- For the hardcore band Judge, see Judge (band)
A judge or justice is an appointed or elected official who presides over a court. The powers, functions, and training of judges varies widely from jurisdiction to jurisdiction.
A judge can also be simply a qualified person who evaluates and passes judgement on anything; for example, a judge at a county fair might award prizes to the best cattle or best home-made jam; a judge at a dog show determines which of several dogs best meets the standards for the breed.
Judges in the Legal System
Many judges from all over the world continue to wear wigs; a tradition imported from the British
Judges are considered to be the leaders of one of the three branches of government, the judiciary. In a democratic country with a rule of law, judges are supposed to be impartial, and not influenced by the political power (see separation of powers); especially, political leaders and the executive should not be able to influence judgment in a direction that they see fit.
In the USA, judges are not trained separately from lawyers and are generally appointed or elected from among practicing attorneys.
In most civil law jurisdictions judges go to special schools to be trained after graduating with a legal degree from a university; after such training they become investigative judges, see inquisitorial system. In common law countries, judges usually operate according to the adversarial system of justice under the applicable rules of civil procedure.
In the common law system, when there is a jury trial, the judge generally decides issues of law, i.e. which law applies and what the law requires, while the jury decides facts, i.e who did what, who is guilty, what is the amount of damages.
In Finland, there are two kinds of judges in district courts: a legally trained judge functions as the president of the court, while judges elected for a four-year term from the population, without any special legal training, serve as lay members of the court. Judges in special courts and apellate courts are always legally trained. Lay judges do not function like a common-law jury. In the usual case, three lay judges in district courts hear criminal cases in cooperation with a legally trained judge, each judge – legally trained or not – having an individual vote. Civil cases, however, are heard exclusively by legally trained judges.
Historically, in Europe in the Middle Ages, juries often stated the law by consensus or majority and the judge applied it to the facts as he saw them. This practice generally no longer exists. Notably, while some common law jurisdictions retain the jury system, civil law has often abandoned the jury in favor of a judge-based system.
Symbols of Office
Being a judge is usually a prestigious position in society, and as a result a variety of solemn traditions have become associated with the occupation. In most nations of the world judges wear long robes, usually black or red, and sit on an elevated platform during trials (known as the bench). The standard judge uniform originated with the Roman toga.
In some countries, notably Britain, judges also wear long wigs and colorful robes.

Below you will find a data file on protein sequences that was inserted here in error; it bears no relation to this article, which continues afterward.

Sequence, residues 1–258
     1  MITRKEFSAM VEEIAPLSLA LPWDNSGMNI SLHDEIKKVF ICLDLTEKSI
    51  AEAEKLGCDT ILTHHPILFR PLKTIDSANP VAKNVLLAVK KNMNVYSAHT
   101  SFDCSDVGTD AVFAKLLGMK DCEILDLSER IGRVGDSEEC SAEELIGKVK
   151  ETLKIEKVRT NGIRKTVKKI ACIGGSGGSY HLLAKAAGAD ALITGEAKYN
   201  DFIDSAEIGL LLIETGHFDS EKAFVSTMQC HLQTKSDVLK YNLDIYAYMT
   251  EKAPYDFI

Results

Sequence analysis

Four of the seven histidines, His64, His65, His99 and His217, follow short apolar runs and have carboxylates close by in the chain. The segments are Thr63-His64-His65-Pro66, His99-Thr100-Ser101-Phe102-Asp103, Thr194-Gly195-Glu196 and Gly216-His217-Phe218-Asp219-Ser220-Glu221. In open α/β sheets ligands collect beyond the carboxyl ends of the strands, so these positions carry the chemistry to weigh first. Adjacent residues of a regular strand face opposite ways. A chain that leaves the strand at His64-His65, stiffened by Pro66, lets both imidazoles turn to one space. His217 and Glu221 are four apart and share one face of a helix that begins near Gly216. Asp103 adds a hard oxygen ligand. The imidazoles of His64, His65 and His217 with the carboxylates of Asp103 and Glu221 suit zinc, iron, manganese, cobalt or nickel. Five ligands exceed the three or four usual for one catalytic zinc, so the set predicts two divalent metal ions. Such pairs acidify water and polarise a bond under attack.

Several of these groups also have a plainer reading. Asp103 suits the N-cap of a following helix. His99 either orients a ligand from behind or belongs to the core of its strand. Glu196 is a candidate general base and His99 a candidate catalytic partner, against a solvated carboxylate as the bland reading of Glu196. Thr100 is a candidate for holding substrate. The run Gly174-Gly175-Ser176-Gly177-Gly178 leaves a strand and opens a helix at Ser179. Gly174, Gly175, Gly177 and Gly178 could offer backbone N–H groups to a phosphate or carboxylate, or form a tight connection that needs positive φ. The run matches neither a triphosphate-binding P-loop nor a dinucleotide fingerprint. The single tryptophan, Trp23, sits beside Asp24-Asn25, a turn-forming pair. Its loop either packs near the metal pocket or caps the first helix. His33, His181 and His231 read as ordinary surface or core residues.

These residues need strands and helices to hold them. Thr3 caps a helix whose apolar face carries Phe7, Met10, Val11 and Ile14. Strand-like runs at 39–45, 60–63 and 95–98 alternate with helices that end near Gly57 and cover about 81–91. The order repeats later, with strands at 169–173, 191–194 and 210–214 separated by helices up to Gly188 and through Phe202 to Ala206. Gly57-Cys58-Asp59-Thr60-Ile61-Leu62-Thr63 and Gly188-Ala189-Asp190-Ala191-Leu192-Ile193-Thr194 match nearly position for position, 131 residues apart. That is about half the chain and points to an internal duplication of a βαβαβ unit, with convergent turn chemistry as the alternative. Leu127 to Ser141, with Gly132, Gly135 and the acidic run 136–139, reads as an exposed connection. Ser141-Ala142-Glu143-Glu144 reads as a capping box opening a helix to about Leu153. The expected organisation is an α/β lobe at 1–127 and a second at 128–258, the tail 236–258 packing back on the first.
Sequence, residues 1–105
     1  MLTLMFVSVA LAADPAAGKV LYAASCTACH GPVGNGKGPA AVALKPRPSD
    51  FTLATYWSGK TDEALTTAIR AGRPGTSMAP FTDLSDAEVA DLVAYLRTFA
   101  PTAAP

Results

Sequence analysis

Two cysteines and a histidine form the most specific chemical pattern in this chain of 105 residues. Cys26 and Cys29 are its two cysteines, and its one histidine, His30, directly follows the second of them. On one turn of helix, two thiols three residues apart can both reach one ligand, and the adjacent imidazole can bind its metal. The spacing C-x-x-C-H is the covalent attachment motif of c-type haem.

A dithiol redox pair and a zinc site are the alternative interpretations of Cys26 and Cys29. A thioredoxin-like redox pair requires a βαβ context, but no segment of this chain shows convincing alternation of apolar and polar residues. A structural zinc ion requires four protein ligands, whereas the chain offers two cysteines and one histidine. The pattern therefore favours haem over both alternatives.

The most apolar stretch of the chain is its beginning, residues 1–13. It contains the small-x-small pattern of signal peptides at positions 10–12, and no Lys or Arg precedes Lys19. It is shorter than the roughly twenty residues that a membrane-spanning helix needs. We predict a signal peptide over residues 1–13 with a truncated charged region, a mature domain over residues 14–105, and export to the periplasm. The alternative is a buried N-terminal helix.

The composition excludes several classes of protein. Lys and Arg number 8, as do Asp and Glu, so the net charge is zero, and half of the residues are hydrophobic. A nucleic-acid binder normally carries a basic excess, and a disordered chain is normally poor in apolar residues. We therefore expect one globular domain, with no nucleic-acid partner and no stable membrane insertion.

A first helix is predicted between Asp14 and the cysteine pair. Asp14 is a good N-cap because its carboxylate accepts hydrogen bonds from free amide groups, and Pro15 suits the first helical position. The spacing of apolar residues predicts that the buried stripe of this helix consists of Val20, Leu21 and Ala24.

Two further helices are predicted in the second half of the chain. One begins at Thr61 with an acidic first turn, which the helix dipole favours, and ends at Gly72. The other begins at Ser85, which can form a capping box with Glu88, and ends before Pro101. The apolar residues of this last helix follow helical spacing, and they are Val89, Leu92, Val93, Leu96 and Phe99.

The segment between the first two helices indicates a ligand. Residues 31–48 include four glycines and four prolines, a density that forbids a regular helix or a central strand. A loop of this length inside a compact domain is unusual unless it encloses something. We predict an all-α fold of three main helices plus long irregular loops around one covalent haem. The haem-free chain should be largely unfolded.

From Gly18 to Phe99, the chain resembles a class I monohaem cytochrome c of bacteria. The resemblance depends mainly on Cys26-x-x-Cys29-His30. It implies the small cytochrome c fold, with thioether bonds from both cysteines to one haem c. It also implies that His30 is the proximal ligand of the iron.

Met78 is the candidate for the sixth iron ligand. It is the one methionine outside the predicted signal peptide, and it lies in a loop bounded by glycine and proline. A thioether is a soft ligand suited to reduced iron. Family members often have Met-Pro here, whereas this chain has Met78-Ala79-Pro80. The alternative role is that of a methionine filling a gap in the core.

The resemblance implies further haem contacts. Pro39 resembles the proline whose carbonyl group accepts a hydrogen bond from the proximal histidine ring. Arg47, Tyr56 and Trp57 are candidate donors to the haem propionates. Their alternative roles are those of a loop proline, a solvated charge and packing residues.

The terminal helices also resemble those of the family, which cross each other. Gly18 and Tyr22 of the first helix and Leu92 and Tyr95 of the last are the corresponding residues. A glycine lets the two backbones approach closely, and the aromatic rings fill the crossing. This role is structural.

American judges usually always wear simple black robes and wield a gavel to keep order in the courtroom. However, in some Western states, like California, judges did not always wear robes during the Wild West days in the 19th century. Today, the Maryland Court of Appeals is the only state supreme court that deviates from the standard uniform; its seven judges wear red robes.
In the People's Republic of China, judges wore regular street clothes until 1984, when they began to wear military style uniforms, which were intended to demonstrate authority. These uniforms were replaced in 2000 by black robes similar to those in the rest of the world.
In most English speaking countries (particularly the United States) a judge is addressed as "Your Honor" when presiding over the judge's court, as a sign of respect for the office. Because of the broadcasting of US fictions in movies and television worldwide, some defendants in other countries occasionally address judges from their own country as "your honor" (or, rather, the translation thereof in the local language), much to the dismay of the local judiciary.
In France, the presiding judge of a court is addressed to as "Mr/Mrs President" (Monsieur président / Madame présidente).
The judges of the Supreme Court of the United States, and the judges of the supreme courts of several U. S. states and other countries are called "justices." In the United Kingdom, a comparable rank is held by the House of Lords; its judges are not called judges, but Law Lords, and sit in the House of Lords as peers. The justices of the supreme courts usually hold higher offices than the justice of the peace, a judge who holds police court in some jurisdictions and who typically tries small claims and misdemeanors. However, the state of New York inverts the usual order, with the Supreme Court of the State of New York being the trial court, and the Court of Appeals being the highest court. New York judges who deal with trusts and estates are known as "Surrogates."
Judges of courts of limited jurisdiction (such as bankruptcy courts or juvenile courts) were sometimes known officially as "referees," but this usage seems to be declining.
Judges sitting in courts of equity in common law systems are called "Chancellors."
Famous and Infamous Judges
Listed chronologically by date of birth.
Famous Fictional Judges
This list includes both judges from the world of fiction, as well as people who use the prefix 'Judge' but who are not actually judges.
See also judiciary, court dress, list of jurists, barrister, solicitor, attorney